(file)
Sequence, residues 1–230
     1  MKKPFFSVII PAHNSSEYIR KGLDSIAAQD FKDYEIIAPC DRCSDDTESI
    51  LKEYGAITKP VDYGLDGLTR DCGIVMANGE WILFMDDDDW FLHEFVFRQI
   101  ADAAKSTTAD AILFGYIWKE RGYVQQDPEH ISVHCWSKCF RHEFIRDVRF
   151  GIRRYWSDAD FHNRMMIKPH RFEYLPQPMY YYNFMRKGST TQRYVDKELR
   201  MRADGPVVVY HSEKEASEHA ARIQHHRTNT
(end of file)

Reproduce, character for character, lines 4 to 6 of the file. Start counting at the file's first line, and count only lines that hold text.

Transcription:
   101  ADAAKSTTAD AILFGYIWKE RGYVQQDPEH ISVHCWSKCF RHEFIRDVRF
   151  GIRRYWSDAD FHNRMMIKPH RFEYLPQPMY YYNFMRKGST TQRYVDKELR
   201  MRADGPVVVY HSEKEASEHA ARIQHHRTNT